Communication and Technology
Digital Games Teach People to Avoid Biases
People think that they make decisions based on rationally analyzed choices, but research shows that people frequently make decisions based on irrelevant information due to unconscious cognitive biases. How can people avoid relying on cognitive shortcuts that leave them vulnerable to making poor choices? New research suggests they might want to play a game coupled with an informative slideshow.
Yu-Hao Lee, assistant professor of Telecommunication in the UF College of Journalism and Communications, and his colleagues wanted to see if playing a game designed to train people to avoid the use of problematic cognitive shortcuts would help them use that information to make better decisions and avoid unconscious bias.
They designed a digital game and a traditional training program administered through a slideshow. Then they brought in 301 students, divided into three groups, and had one group play the game, the second group view the slideshow and the third group view the slideshow then play the game. They then administered a test, once right after the subjects did the training and the second time four weeks later. They reported their findings in the journal Simulations and Gaming in 2016.
The researchers looked at two different types of bias that often shape peoples’ decision-making. The first, anchoring bias, relies on an accessible piece of information, such as a number, as a reference point, even if the information is completely irrelevant to the situation at hand. The second, called representativeness bias, can take different forms of poor decision-making, including relying on stereotypes, ignoring sample size, disregarding prior probability of outcomes and misunderstanding the role of chance in a situation.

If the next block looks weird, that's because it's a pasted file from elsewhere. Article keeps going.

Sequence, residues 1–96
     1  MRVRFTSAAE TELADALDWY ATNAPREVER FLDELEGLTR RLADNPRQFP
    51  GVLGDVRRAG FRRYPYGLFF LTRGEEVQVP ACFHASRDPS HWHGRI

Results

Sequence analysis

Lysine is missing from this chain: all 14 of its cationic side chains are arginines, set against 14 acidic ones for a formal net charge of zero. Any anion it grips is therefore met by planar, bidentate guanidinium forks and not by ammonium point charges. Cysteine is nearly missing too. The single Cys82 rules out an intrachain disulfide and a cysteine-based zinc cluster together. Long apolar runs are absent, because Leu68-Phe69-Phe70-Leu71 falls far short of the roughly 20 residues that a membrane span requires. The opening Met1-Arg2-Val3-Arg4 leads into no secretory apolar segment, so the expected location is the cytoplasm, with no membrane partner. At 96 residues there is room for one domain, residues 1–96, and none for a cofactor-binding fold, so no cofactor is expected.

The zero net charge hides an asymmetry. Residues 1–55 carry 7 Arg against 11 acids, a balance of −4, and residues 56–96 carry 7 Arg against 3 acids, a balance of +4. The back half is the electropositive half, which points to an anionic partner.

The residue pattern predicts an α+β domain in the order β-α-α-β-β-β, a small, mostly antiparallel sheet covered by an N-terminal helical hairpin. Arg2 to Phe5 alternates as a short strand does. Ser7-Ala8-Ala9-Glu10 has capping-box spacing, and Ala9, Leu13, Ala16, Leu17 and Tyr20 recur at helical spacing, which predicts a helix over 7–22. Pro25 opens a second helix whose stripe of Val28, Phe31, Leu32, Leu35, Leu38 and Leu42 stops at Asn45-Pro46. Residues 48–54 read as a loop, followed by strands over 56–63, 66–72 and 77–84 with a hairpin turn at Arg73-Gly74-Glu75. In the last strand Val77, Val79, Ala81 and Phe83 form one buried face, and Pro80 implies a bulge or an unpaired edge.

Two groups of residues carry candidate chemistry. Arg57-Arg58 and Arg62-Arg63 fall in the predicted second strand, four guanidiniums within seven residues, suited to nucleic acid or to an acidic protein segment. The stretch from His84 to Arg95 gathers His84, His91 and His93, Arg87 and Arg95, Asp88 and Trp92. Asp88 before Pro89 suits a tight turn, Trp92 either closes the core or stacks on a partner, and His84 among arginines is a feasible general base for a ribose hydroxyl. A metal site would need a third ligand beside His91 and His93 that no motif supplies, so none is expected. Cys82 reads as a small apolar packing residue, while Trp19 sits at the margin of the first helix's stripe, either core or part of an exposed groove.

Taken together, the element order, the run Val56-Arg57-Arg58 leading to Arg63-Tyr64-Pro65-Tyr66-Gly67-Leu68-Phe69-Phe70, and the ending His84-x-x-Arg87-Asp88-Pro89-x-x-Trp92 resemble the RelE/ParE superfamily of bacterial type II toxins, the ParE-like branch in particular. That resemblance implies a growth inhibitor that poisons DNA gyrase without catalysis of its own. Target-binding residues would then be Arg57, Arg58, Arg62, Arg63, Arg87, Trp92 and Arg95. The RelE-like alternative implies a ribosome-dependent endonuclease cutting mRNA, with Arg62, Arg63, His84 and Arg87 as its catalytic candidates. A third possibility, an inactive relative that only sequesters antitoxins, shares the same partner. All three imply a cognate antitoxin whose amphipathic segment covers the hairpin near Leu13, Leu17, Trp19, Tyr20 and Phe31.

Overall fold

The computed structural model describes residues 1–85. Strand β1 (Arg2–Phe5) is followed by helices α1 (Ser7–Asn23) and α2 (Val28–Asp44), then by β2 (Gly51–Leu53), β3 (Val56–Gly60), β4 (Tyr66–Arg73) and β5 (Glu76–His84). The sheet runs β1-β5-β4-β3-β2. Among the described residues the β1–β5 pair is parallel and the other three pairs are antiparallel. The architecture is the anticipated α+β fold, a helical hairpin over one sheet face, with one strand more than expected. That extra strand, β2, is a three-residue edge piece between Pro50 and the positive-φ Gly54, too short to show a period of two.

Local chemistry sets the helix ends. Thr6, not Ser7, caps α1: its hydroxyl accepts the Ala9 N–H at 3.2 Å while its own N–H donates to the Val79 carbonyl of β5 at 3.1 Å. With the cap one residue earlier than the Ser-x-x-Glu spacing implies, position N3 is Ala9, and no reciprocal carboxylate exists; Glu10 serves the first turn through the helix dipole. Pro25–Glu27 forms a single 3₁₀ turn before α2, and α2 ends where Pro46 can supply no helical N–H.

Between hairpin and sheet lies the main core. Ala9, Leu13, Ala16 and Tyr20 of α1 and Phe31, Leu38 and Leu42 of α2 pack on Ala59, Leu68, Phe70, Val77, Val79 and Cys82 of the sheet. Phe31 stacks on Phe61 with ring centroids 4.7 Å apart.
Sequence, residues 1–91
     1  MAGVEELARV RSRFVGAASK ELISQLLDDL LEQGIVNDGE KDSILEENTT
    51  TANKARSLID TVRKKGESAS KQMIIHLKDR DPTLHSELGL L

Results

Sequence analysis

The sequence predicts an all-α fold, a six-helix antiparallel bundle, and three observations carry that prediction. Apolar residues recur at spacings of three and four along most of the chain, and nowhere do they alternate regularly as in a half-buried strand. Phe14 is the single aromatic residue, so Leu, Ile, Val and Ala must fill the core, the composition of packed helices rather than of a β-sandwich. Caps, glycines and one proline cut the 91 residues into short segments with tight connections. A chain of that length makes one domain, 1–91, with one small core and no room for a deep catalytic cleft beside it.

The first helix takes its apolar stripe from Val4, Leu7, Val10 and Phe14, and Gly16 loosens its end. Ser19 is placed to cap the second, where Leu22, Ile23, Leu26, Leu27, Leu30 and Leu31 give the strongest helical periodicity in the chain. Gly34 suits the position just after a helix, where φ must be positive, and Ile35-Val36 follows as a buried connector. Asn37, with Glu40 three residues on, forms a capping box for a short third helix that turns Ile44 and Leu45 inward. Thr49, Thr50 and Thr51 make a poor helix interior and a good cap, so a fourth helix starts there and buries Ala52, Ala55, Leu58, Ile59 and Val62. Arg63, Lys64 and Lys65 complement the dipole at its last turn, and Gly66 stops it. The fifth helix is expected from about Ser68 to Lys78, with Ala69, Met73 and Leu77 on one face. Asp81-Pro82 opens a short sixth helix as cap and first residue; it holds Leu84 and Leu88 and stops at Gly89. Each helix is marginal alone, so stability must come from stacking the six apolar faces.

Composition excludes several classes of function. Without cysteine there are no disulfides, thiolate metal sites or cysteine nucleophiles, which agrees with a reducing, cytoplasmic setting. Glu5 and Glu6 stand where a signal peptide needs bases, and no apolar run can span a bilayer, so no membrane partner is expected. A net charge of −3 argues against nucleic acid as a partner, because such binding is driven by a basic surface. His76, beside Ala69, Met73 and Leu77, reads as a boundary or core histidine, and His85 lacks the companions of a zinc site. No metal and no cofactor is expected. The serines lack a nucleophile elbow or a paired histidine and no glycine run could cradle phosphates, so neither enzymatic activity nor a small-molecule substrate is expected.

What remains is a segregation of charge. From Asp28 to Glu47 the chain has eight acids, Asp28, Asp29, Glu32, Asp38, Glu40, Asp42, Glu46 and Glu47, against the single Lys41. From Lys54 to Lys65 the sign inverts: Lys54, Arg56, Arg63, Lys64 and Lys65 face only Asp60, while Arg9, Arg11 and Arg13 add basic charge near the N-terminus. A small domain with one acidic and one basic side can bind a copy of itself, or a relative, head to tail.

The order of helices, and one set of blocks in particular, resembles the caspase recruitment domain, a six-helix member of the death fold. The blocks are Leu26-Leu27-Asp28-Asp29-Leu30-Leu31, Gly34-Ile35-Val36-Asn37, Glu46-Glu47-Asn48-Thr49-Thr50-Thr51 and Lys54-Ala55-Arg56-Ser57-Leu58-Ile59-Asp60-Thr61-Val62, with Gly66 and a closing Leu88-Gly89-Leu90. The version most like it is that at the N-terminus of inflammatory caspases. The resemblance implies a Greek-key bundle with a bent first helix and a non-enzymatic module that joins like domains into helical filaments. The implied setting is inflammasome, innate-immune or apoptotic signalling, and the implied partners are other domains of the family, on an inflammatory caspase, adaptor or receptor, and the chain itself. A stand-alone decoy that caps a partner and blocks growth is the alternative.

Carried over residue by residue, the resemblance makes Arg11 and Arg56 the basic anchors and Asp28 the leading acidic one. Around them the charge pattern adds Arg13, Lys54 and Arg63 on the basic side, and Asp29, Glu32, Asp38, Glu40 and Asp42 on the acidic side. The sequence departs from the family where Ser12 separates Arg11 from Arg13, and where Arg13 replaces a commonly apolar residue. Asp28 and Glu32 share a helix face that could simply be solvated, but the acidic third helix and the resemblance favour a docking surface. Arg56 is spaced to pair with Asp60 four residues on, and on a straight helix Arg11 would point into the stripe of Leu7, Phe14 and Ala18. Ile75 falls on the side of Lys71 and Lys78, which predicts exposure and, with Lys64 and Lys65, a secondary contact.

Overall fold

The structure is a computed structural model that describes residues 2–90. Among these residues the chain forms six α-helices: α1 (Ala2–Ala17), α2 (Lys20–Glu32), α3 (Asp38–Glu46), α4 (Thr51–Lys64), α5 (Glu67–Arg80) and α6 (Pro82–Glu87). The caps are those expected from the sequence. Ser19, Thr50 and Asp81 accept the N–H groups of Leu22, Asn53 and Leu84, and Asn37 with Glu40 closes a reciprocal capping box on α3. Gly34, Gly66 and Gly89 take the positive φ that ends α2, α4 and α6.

In the digital game, players take the role of an intelligence analyst who is in charge of directing a field agent. Players evaluate information collected by the field agents to determine if it is biased and, if it is, identify the bias involved, and tell the field agent to only collect unbiased intelligence. At the beginning of the game, players receive a brief summary about the biases to look for.
Other study participants viewed a 14-minute slideshow lecture that defined the biases and gave examples of biases that matched the ones provided in the game. The slideshow also included practice scenarios, where a voice explained strategies for overcoming bias in a similar manner to the instructions and feedback delivered in the digital game.
The researchers found that people who saw the slideshow then played the digital game continued to succeed at mitigating bias when making decisions on a test a month after the experiment, while the effects disappeared for the participants who either played the game or saw the slideshow alone. The two types of learning, when done together, seem to complement one another.
“By first providing a framework to cognitive biases through the lecture, learners can gain a basic understanding of the biases and learn to identify bias-related information from non-related (information),” the researchers wrote in the paper. “After the lecture, the training is most effective followed up by a digital game capable of offering multiple scenarios for the learner to observe the consequences of their biased decision-making while practicing mitigation strategies.”
The study did find that the slideshow and digital game by themselves mitigated some of the biases in the exam that took place immediately after the lecture and game, but the effect did not apply to all the biases and did not last to the four-week mark. This finding prompted the researchers to call for future studies to measure both short- and long-term effects of either type of training.
The researchers hope that by providing scenarios for players to practice, people will learn to recognize the biases in their own lives and apply strategies to reduce bias and avoid making biased decisions.